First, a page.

Differences Between Oud and Lute Construction
There are numerous differences between ouds and guitars. Most of these differences arose from the significantly different musical role each was assigned and more than that, the two instruments are designed to play music of entirely different types. Guitars are built with chordal music in mind. Being fretless, ouds are not designed to play chords; by contrast, oud music is modal and melodic in nature. The most obvious difference between ouds and guitars are the oud's round back,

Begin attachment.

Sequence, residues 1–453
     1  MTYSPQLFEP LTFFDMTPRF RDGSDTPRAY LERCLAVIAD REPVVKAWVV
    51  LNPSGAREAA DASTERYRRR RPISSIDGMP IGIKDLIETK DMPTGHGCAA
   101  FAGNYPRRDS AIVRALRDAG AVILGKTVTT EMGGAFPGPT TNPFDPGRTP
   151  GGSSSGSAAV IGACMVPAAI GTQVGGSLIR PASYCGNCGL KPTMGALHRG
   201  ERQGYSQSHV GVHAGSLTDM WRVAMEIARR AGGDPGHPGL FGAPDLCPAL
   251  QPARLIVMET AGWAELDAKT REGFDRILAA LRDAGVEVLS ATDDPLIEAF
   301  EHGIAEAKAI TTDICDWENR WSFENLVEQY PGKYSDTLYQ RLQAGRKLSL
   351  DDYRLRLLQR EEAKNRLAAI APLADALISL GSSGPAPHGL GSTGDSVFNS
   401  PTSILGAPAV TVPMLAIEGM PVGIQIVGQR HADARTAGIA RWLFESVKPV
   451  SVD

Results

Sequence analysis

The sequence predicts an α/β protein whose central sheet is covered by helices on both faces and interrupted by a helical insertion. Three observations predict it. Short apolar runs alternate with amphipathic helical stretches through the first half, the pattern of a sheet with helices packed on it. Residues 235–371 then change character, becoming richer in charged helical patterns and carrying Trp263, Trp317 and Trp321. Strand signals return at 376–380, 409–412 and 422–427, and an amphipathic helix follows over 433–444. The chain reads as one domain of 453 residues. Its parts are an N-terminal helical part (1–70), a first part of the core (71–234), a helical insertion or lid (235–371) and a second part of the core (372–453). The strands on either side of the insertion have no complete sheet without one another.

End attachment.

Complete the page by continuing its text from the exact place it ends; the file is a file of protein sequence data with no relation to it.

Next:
pear-shaped soundboard with three sound holes, short neck with a long right-angle peg box, double-string courses, and fretless fingerboard. Less obvious differences between ouds and guitars include the oud's thinner, unvarnished soundboard with distinctive bracing patterns, generally lighter construction, much lighter strings tuned to the same pitches as the guitar, lower string action, and lack of any metal parts. As I mentioned, ouds and lutes are incredibly similar; in fact, I built my first oud using an instruction manual for how to build a lute! The instrument came out very well, however when I showed it to Ross Daly on the isle of Crete his first comment was, "This looks like a Baroque lute." Lutes are even more lightly constructed than ouds. A modern Spanish guitar is a tank in comparison. Lutes have frets, not fixed metal frets like a guitar, but rather pieces of gut string tied around the neck to